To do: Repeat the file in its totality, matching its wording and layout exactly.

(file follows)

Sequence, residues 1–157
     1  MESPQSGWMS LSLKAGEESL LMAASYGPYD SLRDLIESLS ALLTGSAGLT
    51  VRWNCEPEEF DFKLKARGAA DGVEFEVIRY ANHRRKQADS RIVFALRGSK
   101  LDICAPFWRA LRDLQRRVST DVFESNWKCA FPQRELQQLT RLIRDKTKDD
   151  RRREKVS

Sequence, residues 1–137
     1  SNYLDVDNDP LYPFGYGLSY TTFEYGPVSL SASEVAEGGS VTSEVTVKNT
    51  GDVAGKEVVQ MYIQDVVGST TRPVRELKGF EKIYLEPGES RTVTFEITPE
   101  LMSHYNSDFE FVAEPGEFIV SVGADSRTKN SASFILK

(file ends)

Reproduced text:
Sequence, residues 1–157
     1  MESPQSGWMS LSLKAGEESL LMAASYGPYD SLRDLIESLS ALLTGSAGLT
    51  VRWNCEPEEF DFKLKARGAA DGVEFEVIRY ANHRRKQADS RIVFALRGSK
   101  LDICAPFWRA LRDLQRRVST DVFESNWKCA FPQRELQQLT RLIRDKTKDD
   151  RRREKVS

Sequence, residues 1–137
     1  SNYLDVDNDP LYPFGYGLSY TTFEYGPVSL SASEVAEGGS VTSEVTVKNT
    51  GDVAGKEVVQ MYIQDVVGST TRPVRELKGF EKIYLEPGES RTVTFEITPE
   101  LMSHYNSDFE FVAEPGEFIV SVGADSRTKN SASFILK